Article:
Visitors want fast websites, but advertisers want brand safety and viewable ads. In the end, ad concerns often end up winning at the expense of the user experience.
According to data ad tech consultancy RedBud — examined for Digiday across 15 of the top 20 U.K. publishers — brand safety, viewability and verification tags represent on average 10 percent of the total weight of a website. In some individual cases that number was closer to 21 percent. The company calculated the weight in kilobytes by measuring weight of ads, editorial content, tracking pixels and cookie-synching redirects.
Naturally, there is a knock-on effect to page latency, therefore user experience. Two publishers interviewed for this article said that viewability, brand safety and verification tags were causing up to six seconds page latency on desktop.
However, RedBud has calculated the average page lag caused by brand safety, viewability, and verification tags to be closer to 1 second per page view, per publisher. “There can be other factors such as internet speed and performance of the vendors’ servers, as well as how complex the publisher website is,” said Chloe Grutchfield, co-founder of RedBud. “For example, if you have loads of tags competing you will get slow responses.”
Nevertheless, it’s enough to make a noticeable difference, she added. One publisher executive who wished to remain anonymous said that there are five ad slots per page, and those five ads make an average 70 calls per page view, at around 200 to 300 milliseconds per call. Three vendors are making these blocking and tracking calls. Integral Ad Science has been highlighted as the heaviest of the viewability vendors, making between nine and 11 calls per single ad request, according to the same publisher.
Integral Ad Science’s verification code is 48 kilobytes, which is roughly equivalent to the standard display banner weight set by the industry ten years ago, according to the company. “Given the speed of today’s devices and internet connections, we believe any impact to latency is minimal and far outweighed by the need for transparency in the digital advertising ecosystem, which provides benefits to publishers as well as advertisers,” said a spokesperson for Integral Ad Science.
However, five publishers spoken to for this article want it addressed.
Publisher hand-wringing over meeting viewability expectations is nothing new. Whether it’s the pressure to over serve impressions in order to hit viewability targets set by agencies, or deal with the knock-on effect to page latency. But many believe the issue has magnified more recently as agencies have increased more of their own brand safety, viewability and verification tags around ads.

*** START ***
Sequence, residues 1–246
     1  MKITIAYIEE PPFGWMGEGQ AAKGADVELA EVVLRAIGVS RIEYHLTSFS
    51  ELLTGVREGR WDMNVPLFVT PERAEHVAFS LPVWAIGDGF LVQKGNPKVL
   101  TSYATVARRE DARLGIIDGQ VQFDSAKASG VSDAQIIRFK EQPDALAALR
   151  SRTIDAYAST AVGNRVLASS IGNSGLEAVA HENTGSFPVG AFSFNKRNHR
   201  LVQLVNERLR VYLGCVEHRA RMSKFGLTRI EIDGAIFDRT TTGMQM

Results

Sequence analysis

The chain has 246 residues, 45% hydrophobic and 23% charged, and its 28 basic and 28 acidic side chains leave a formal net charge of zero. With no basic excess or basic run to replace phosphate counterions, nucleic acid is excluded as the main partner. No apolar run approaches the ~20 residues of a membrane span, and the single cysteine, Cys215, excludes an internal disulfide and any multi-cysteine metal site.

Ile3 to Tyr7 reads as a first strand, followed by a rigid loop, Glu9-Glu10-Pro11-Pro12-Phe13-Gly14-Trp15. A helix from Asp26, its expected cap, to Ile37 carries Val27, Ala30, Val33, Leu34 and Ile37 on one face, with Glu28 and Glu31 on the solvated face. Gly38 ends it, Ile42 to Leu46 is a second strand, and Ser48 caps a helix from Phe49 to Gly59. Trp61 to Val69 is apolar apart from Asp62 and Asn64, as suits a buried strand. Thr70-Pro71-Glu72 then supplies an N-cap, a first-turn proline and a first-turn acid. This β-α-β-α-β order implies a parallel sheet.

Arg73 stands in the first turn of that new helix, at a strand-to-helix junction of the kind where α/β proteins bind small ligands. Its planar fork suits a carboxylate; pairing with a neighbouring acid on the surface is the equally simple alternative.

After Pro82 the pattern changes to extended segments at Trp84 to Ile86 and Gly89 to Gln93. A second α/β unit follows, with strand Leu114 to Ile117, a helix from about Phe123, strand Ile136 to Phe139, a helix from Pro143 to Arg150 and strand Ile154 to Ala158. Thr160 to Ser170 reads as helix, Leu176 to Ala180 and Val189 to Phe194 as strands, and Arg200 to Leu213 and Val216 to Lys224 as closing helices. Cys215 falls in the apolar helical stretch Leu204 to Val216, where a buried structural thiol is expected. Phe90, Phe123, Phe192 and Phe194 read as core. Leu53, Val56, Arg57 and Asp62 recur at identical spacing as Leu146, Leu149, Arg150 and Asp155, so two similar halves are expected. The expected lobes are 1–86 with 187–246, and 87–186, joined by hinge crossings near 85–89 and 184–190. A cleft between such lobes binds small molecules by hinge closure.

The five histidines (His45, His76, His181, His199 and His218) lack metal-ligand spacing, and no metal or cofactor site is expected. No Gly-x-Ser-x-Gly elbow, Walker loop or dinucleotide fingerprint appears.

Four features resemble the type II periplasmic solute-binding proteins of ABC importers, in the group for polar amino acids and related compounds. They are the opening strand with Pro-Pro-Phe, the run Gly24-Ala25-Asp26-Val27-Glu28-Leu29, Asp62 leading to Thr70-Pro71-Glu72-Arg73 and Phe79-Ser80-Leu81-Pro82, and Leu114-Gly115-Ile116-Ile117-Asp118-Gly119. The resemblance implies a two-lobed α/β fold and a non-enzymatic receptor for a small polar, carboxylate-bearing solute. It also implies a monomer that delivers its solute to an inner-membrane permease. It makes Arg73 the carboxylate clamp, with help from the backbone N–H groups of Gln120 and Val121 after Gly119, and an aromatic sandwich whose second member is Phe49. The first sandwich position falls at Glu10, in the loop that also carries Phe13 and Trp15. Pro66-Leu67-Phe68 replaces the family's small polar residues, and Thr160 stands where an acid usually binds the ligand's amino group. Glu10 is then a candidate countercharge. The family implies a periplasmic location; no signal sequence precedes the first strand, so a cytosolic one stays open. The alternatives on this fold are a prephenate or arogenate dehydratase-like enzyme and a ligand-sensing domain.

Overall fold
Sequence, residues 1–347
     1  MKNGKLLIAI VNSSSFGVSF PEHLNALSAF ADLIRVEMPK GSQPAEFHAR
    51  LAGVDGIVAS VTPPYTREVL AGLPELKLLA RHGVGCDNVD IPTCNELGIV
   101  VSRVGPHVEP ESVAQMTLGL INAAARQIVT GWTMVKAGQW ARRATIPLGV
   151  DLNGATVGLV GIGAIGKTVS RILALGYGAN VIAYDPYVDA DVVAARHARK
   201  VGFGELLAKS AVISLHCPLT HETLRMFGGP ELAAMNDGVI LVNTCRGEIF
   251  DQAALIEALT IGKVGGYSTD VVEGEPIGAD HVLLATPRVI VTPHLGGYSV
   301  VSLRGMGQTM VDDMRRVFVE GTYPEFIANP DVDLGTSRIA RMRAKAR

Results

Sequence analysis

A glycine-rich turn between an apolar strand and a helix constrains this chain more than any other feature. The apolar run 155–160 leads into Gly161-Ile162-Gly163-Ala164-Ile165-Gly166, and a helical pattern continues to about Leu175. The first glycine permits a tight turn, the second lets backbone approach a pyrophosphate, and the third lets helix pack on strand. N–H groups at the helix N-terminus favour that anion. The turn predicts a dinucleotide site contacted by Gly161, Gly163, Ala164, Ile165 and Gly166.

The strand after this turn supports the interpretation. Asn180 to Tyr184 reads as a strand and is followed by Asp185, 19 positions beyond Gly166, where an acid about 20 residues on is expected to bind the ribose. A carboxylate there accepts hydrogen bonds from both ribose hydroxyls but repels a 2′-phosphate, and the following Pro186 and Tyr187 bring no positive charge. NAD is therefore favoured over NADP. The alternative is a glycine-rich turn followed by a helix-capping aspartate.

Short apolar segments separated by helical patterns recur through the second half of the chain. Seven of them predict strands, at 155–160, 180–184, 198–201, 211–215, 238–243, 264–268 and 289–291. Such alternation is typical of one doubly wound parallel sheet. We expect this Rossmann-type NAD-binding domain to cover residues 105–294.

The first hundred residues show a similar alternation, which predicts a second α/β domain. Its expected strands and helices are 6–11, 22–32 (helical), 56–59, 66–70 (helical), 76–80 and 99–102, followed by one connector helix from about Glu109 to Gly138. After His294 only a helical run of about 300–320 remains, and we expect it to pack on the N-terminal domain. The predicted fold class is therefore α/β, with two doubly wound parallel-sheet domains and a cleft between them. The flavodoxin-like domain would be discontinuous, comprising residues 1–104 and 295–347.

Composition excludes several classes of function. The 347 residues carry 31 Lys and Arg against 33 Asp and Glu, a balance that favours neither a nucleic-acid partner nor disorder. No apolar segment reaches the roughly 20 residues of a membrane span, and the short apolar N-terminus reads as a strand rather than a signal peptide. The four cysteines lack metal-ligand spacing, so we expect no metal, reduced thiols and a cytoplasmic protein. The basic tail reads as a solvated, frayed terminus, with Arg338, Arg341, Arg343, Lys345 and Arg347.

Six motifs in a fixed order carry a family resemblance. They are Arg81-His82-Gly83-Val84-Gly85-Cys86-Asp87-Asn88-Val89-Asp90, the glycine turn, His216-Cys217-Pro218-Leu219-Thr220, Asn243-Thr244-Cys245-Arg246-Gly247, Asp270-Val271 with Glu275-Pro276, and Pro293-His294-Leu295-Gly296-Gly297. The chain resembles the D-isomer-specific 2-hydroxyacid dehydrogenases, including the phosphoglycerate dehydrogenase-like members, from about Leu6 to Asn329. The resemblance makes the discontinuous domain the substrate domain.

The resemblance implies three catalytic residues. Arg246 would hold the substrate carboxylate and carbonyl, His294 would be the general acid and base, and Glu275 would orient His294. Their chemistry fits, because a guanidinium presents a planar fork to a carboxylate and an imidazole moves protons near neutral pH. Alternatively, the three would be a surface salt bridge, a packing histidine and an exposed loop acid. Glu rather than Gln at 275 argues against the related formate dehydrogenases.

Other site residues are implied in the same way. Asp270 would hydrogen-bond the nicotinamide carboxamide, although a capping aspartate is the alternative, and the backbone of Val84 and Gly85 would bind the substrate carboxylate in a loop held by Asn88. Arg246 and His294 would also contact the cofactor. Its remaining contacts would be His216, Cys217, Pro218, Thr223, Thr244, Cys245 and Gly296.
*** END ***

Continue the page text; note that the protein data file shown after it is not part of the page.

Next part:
“It has become more of an issue as there are more [viewability and brand safety] vendors now,” said an executive at a national publisher. “We used to just use one verification vendor, but now advertisers all want to use their own tech on top of what we use, because brand safety and viewability have been bigger issues. So with the agencies and advertisers doing more their end that leads to more calls, a duplication of efforts.”
An agency will often supply ad creatives with viewability and brand safety tags, which are then added to the publisher’s own tools — often the same vendors. “It’s like wrapping the ads in two blankets,” added the same publisher. “It comes down to lack of trust.”
One of the unintended consequences of viewability tags being used by both publishers and agencies, is that there remain large discrepancies between what either side sees — up to 15 percent according to RedBud. Publishers are often faced with agencies refusing to pay for certain impressions because their own data shows that the ad hadn’t loaded in time to be in view. “It’s often the actual buy-side ad loads which impact viewability, which we then get penalized for,” said an executive at a digital publisher.
Four publishers cited that they’re having issues with their current viewability and verification providers, which are dominating a lot of weight on the page, therefore processing time. The issue is amplified on mobile, according to the same executives.
“There is a fundamental problem we have got ourselves into as an industry,” said an executive at a magazine publisher. “Due to lack of trust publishers are having to deploy technology to validate and prove what’s happening on the buy side. So you have verification providers making constant calls back and forth to the ad server, due to the complex nature of how they capture data.”
Publishers are searching for pragmatic answers. “It’s bubbled up again as an issue in the last three months. We need to look at how we can improve it. If we’re all using the same tags, so are there better things we can do, like have them cached or saved every time, a bit more like how Google Amp works. Then if one publisher uses a specific vendor, the code has been saved and doesn’t have to be reloaded every time,” said the same publishing executive.
Others have started scrutinizing viewability discrepancies more closely. “We are looking at our own validation tools for all campaigns prior to activation,” said an executive from a different magazine group. “This allows us to identify any issues with the tags early on. Additionally, we will be working closely with our agency partners to understand the implications of viewability discrepancies and identify firstly, the range of discrepancies and, secondly, any consistencies that may exist.”